Citation:  EWCA Civ 1232
Summary: Although this concerns the free after-care provisions of s.117 of the Mental Health Act 1983, it provides an opportunity to mention the ordinary residence provisions surrounding the identity of the relevant supervisory body for DOLS.
The main issue for the Court of Appeal was whether patient SF was “resident” in a Sunderland hall of residence or a South Tyneside hospital for the purposes of determining which authority was responsible for paying for her after-care services. The parties agreed that SF was resident in Sunderland at the time when she was informally admitted to the South Tyneside hospital on 7 October 2009 having attempted suicide. She suffered from atypical Asperger’s and a borderline personality disorder and consented to the admission, “but it is likely that if she had not given her consent, compulsory powers would have been used” (para 6). However, just over two weeks into her two-month informal hospital stay, her licence to live in the Sunderland hall of residence was terminated, along with her college placement. After absconding from the hospital on 9 December 2009, she was detained for assessment and then for treatment under the Mental Health Act.
At first instance, Langstaff J had applied the test for ordinary residence in R (Shah) v Barnet LBC  2 AC 309 (adopting a place voluntarily and for settled purposes as part of the regular order of one’s life for the time being), and noted that the informal admission was not a voluntary surrender: it was closely analogous to a compulsory admission, with the powers to detain in the background. Moreover it was not for a settled purpose; nor was it part of the regular order of her life. Accordingly SF remained resident in Sunderland.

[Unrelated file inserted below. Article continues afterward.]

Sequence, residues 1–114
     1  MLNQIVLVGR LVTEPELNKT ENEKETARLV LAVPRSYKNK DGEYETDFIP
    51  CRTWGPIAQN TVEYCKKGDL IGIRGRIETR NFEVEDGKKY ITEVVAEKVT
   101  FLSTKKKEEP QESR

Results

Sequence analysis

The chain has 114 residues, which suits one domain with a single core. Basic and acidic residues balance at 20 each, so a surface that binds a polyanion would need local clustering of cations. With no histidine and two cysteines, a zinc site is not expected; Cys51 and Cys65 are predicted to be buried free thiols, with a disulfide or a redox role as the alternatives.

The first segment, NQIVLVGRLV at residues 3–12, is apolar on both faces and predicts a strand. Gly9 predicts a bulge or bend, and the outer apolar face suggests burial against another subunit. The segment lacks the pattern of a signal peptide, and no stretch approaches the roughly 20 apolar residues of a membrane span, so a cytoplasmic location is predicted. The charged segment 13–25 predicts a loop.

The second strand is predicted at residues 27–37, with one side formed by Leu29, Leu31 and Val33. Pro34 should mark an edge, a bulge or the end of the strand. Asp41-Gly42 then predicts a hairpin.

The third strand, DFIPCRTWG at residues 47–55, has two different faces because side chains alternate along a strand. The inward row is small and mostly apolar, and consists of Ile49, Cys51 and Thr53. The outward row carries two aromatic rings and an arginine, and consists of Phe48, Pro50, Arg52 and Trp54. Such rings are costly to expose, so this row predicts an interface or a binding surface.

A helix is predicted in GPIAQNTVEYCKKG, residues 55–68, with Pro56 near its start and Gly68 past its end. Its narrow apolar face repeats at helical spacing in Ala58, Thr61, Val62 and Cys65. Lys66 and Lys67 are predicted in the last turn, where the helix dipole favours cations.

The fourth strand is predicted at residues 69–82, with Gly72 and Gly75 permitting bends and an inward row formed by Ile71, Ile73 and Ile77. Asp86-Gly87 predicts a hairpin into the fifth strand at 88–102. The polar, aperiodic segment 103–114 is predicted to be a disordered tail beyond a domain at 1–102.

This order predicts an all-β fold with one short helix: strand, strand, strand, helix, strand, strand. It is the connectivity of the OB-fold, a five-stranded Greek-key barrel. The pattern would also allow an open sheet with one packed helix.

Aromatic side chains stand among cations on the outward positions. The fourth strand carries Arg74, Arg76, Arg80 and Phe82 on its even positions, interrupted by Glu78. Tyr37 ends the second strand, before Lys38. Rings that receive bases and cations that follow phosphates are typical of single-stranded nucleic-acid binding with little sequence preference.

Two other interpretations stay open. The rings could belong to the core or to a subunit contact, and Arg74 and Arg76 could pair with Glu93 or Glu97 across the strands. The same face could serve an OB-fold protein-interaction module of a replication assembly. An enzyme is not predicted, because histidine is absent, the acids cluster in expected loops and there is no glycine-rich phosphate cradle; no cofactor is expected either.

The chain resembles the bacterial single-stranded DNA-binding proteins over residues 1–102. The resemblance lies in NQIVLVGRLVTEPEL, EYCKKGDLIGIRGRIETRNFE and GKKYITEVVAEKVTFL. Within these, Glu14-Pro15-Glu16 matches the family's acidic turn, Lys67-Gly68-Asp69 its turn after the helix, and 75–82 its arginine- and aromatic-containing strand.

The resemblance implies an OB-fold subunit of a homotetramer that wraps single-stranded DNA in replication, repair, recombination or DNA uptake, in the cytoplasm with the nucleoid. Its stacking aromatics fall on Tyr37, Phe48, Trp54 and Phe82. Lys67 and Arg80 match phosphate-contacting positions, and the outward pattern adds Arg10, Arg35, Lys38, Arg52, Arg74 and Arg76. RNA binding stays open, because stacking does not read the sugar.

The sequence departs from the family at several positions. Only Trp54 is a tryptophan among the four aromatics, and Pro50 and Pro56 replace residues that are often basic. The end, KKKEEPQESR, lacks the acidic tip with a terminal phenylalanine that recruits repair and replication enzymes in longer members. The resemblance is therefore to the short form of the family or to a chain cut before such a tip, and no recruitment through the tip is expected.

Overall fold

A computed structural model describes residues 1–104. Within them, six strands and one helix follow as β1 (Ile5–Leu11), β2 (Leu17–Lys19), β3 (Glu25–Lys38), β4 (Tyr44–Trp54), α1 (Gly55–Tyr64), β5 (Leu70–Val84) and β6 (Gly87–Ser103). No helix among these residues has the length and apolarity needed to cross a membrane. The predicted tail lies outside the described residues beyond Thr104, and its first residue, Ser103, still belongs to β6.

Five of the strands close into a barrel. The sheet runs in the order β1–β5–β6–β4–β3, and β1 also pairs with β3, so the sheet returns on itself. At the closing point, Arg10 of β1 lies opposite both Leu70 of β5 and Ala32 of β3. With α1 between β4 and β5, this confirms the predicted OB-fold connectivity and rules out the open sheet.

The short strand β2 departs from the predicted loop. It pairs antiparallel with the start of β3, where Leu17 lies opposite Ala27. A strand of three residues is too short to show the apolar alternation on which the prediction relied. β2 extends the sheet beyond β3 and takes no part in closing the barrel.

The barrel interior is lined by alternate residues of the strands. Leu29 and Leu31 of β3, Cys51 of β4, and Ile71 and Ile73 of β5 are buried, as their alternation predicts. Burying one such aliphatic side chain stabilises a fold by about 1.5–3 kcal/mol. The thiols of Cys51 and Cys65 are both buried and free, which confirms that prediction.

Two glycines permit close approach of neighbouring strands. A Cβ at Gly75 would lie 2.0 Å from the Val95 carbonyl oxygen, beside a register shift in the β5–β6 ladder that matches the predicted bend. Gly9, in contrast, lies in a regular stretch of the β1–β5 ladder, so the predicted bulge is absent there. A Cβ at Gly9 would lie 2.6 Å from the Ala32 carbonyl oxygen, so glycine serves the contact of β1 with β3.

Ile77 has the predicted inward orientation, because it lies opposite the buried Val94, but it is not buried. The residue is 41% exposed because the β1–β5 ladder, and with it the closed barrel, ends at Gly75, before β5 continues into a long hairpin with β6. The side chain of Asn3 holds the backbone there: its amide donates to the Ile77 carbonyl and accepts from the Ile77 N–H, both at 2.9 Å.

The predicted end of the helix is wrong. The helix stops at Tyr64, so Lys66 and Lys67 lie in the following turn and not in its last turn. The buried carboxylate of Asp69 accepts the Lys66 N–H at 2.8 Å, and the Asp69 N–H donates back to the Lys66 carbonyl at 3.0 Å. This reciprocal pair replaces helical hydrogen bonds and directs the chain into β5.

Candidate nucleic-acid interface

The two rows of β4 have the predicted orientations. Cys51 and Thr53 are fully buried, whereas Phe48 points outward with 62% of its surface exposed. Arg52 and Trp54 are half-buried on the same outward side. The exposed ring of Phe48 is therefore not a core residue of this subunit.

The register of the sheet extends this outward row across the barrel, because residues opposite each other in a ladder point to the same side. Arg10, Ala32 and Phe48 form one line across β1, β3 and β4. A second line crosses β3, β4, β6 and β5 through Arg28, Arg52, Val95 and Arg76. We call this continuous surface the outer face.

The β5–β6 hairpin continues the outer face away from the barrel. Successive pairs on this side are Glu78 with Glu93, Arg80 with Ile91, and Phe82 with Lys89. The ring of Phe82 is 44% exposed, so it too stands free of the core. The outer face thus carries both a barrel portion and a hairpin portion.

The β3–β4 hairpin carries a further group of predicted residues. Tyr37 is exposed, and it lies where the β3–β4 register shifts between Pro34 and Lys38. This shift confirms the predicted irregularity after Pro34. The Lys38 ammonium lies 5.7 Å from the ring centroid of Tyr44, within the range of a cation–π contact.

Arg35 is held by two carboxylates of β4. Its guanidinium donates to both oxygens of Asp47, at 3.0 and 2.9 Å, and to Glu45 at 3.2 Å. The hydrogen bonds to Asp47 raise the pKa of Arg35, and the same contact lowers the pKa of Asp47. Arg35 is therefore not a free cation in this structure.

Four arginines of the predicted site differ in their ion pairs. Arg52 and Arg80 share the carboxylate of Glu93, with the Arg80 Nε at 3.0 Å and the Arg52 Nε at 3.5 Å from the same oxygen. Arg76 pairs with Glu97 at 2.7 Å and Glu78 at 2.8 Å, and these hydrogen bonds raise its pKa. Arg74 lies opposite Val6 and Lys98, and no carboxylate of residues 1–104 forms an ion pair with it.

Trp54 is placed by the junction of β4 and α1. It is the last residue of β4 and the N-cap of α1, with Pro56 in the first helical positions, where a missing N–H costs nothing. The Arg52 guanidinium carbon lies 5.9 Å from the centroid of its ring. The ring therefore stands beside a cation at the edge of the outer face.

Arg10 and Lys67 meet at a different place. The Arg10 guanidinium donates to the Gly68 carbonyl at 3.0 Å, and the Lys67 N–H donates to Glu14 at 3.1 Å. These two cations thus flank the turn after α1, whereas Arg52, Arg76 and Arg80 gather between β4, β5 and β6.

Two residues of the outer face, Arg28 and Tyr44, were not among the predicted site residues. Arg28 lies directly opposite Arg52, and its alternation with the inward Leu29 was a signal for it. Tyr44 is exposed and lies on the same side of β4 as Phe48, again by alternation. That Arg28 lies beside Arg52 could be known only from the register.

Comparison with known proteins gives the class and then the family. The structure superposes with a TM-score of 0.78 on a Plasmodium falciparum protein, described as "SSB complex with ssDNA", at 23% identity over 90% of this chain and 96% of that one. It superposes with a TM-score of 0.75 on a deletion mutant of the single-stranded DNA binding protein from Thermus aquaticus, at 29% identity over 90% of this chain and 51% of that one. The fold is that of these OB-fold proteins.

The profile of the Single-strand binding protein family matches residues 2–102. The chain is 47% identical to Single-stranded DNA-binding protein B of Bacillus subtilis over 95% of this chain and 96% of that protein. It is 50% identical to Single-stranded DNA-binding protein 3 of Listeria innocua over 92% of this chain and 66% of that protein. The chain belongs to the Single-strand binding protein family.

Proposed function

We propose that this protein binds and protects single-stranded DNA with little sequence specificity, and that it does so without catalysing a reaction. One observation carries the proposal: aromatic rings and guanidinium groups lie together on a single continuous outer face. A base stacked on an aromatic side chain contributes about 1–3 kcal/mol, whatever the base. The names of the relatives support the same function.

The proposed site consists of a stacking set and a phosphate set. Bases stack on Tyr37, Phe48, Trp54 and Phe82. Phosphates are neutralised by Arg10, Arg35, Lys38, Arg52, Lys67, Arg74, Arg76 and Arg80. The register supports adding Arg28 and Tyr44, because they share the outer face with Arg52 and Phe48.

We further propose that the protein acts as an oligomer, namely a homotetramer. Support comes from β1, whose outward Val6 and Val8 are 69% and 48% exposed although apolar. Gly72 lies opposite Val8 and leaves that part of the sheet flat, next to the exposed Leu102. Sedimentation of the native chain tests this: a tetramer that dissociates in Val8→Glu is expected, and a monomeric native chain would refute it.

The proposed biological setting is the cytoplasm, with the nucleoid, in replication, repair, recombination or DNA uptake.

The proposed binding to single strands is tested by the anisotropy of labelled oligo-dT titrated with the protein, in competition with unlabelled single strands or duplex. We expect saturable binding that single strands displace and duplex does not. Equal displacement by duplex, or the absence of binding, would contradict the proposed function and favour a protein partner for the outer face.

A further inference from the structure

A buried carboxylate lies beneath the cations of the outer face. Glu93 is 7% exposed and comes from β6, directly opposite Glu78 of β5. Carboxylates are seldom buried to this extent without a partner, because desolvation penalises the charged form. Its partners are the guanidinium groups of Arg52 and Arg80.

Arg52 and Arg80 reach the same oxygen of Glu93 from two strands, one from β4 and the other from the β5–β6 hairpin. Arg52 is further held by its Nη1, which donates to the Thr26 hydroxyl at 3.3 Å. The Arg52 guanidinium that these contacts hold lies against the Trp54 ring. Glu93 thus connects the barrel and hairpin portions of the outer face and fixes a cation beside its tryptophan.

Allowing the appeal, the Court of Appeal held that Shah was not a helpful guide and Mohamed v Hammersmith and Fulham LBC  UKHL 57 was to be preferred. Although the period of hospital detention must be disregarded, regard could be had to the preceding two-month informal stay. The question “is not only that of physical presence” and “it may be relevant to consider why the person is where he or she is, and to what extent his or her presence there is voluntary” (para 31). Crucially, once the Sunderland hall of residence had ceased to be available to her, there was no place where SF could be said to be “resident” other than the hospital. It followed that South Tyneside was responsible for her after-care.
Comment: It is important to emphasise that where someone “resides” for MHA 1983 s.117 purposes involves a different test to deciding where they “ordinarily reside” for the purposes of the National Assistance Act 1948. Section 117 is freestanding and contains none of the deeming provisions referred to in the 1948 Act. When identifying which supervisory body is responsible for dealing with a DOLS application, the Mental Capacity Act 2005 relies upon the “ordinarily resident” approach of the 1948 Act, and not the “resident” approach of the 1983 Act. Thus, the fact that a person can be said to “reside” in hospital for s.117 purposes, between losing their community placement and being detained under the MHA, may not impact greatly in non-MHA situations.
No mention is made in the judgment of SF’s capacity to consent to the informal admission and the deprivation of liberty safeguards were not used. However, let us imagine an incapacitated person is ordinarily resident in area A where they are accommodated by local authority A under Part 3 of the National Assistance Act 1948. If they are placed in a care home in local authority B, s.24(5) of the 1948 Act deems that person to still be “ordinarily resident” in area A. Thus, local authority A remains the supervisory body for any DOLS application.
If the person is admitted to hospital in area B under a DOLS authorisation, s.24(6) of the 1948 Act similarly deems them to be “ordinarily resident” in area A and so the Primary Care Trust in area A will be the supervisory body. If, however, they were detained in that hospital under MHA s.3, PCT B and local authority B will be responsible for their s.117 after-care because area B is where they were “resident” prior to the detention. That was the position prior to this decision and does not appear to be altered by it.
What remains to be seen is the extent to which the Shah test will continue to be used when determining ordinary residence for the purposes of the 1948 Act (and therefore DOLS). Indeed, clause 32 of the draft Care and Support Bill retains the term “ordinarily resident” so the issue seems set to continue.